Salt debate hots up

Arguments over salt and health have broken out on both sides of the Atlantic, with dissenting opinions among individual experts and even professional societies. What’s going on?

New IOM report

The latest round of the salt controversy was triggered by the Institute of Medicine (IOM) in the United States, a very conservative and scientific organisation. Their latest report had two key messages, the first confirming the positive association between high sodium intakes, high blood pressure and the risk for heart disease. No drama there. The contentious finding was that there was not a strong scientific case for shifting from moderate to low salt intake.

Just to get your bearings, a high sodium intake is considered to be about 5000 mg/day – the average intake in China. Intakes in many western countries are moderate by comparison, about 3300-3700 mg/day. However, the upper limit of sodium intake recommended in Australia’s Nutrient Reference Values is only 2300mg/day, the same figure recommended in the Dietary Guidelines for Americans. Just last week the European Society of Hypertension and the European Society of Cardiology published new guidelines for the management of hypertension, recommending sodium intakes in the range of approximately 2000-2300 mg/day. The American Heart Association goes even further, recommending just 1500 mg/day.

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The sodium debate: heat or light?

Lowering sodium intake has been a constant in dietary guidelines for decades and is widely recommended as part of healthy eating advice. The conventional view is that eating too much sodium increases blood pressure and thereby increases the risk for cardiovascular disease. Yet the benefits of sodium reduction are being hotly debated with experts around the globe trading arguments in journals, on-line debates and the mainstream media. What’s driving this debate?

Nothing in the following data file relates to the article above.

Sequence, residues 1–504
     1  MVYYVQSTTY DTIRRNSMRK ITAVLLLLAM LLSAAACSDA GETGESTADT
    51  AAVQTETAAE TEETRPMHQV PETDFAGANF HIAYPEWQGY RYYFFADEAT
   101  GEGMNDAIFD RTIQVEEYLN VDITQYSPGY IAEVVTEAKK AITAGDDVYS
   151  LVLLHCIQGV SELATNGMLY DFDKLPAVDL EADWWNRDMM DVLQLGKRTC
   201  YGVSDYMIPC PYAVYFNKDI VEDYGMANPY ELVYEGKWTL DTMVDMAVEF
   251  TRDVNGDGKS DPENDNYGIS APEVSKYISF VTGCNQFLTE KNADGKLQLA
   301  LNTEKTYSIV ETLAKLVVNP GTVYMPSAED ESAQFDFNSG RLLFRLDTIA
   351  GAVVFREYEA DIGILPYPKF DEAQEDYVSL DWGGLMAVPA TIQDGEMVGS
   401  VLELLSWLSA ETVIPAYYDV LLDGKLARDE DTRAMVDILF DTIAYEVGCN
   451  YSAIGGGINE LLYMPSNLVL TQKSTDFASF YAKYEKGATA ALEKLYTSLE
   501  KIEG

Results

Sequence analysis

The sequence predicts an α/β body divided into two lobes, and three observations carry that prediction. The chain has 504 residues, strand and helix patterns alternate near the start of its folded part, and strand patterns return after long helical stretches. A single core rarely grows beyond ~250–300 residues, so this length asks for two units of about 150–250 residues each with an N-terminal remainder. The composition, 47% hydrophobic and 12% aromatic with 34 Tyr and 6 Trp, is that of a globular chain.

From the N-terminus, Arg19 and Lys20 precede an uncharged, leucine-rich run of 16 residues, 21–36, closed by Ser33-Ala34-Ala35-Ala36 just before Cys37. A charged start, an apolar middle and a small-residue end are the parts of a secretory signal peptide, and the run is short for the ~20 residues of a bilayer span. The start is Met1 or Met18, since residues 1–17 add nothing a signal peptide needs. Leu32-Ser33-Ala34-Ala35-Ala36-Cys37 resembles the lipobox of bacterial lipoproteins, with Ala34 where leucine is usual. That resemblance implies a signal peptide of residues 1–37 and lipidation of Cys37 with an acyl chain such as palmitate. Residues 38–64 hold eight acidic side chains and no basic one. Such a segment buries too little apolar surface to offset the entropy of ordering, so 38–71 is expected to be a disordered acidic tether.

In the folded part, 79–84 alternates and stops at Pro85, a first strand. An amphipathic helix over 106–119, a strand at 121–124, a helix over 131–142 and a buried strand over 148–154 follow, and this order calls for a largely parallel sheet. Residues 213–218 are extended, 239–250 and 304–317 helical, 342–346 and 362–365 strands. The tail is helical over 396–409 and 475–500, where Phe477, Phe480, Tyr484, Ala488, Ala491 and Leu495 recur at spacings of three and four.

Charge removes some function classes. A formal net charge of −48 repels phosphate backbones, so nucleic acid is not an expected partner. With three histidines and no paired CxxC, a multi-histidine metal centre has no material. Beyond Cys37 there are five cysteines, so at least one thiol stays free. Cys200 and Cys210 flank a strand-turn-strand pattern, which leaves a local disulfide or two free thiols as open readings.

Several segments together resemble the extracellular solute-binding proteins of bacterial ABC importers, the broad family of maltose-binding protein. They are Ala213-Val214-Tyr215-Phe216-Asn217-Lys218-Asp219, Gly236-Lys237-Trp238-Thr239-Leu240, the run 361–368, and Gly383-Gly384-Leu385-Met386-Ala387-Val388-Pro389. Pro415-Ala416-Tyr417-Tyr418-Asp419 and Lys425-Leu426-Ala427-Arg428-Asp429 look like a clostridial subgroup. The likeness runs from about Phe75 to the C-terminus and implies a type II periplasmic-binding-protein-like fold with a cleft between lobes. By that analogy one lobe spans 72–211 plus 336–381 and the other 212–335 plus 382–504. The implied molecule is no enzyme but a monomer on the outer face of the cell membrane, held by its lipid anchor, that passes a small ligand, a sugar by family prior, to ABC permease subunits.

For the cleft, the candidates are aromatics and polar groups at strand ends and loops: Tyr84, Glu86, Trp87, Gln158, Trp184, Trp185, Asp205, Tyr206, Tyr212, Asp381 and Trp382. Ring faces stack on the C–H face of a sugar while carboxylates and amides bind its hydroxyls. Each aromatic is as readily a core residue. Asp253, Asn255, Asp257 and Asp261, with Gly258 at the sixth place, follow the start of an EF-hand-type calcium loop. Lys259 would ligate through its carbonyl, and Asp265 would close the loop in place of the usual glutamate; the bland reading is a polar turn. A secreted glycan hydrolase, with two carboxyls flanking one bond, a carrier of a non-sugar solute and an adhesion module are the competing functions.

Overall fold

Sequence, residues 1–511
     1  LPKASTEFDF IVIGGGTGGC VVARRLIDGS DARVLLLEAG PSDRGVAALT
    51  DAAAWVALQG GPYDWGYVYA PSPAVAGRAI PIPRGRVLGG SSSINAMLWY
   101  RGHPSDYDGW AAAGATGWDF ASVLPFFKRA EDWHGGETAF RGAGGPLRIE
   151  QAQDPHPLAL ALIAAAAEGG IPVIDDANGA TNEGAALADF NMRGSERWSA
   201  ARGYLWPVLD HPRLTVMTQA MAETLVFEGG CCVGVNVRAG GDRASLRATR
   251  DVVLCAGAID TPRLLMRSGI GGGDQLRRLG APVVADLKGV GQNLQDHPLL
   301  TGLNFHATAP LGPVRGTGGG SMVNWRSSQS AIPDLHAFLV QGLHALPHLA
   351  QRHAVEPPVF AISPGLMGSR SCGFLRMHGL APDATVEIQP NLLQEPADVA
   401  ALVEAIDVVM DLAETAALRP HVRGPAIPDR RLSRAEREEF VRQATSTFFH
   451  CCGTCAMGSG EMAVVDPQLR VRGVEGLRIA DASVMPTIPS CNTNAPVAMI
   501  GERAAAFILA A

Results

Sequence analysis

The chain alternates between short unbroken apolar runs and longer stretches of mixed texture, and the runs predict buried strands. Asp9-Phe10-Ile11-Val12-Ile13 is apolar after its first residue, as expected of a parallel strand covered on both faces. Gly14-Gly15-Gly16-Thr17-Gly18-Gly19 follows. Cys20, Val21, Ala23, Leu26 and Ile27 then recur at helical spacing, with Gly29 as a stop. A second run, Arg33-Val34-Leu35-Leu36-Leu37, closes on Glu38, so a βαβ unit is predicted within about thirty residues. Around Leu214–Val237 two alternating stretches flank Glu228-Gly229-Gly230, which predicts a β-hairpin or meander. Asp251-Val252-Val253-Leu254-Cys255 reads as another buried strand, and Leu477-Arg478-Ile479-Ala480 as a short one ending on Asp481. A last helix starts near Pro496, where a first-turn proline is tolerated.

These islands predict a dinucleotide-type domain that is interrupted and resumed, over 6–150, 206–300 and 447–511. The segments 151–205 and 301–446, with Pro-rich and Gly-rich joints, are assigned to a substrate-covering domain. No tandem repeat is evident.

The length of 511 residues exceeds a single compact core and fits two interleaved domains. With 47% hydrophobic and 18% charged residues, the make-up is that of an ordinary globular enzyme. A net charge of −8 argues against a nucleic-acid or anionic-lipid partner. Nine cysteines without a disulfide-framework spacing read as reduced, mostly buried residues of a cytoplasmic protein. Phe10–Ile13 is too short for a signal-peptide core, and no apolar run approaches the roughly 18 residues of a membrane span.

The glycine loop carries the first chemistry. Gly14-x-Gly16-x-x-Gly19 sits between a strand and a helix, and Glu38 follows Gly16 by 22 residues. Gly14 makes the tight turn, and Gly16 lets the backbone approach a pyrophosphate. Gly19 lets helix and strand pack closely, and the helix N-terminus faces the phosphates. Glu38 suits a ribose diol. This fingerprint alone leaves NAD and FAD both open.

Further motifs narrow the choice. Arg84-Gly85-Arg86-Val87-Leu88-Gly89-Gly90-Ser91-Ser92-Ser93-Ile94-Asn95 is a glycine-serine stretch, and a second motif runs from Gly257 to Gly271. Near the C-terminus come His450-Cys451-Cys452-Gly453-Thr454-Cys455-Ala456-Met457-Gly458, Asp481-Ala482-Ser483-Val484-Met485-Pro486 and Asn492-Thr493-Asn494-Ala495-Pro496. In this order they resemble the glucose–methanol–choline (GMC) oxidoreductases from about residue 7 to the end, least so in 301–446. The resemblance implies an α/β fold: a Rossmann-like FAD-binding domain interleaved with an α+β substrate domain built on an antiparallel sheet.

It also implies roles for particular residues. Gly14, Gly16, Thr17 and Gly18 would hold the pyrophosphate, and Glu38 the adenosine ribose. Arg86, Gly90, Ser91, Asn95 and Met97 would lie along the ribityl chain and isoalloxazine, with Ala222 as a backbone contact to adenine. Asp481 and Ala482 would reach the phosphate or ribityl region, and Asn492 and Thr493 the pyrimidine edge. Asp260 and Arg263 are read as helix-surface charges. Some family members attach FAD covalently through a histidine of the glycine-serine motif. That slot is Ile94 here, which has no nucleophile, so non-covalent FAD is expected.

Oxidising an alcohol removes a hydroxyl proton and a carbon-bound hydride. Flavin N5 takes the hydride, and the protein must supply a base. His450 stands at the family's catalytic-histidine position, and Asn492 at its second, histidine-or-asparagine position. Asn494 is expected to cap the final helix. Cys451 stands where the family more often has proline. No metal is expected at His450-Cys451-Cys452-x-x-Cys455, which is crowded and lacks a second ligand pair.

In November 2011, O’Donnell and colleagues published a study on the relationship between urinary sodium and the risk for cardiovascular disease. Urinary sodium is a good way to estimate how much sodium people are eating as, generally speaking, ‘sodium in equals sodium out’. As higher sodium intake is known to be linked with higher blood pressure, the expectation might have been that the higher the sodium excretion, the higher the risk for cardiovascular disease. However, the relationship turned out to be J-shaped. In other words, high intakes of sodium were indeed associated with higher risk for cardiovascular disease, but so were low intakes of sodium. How can that be? Does eating too little sodium cause harm?

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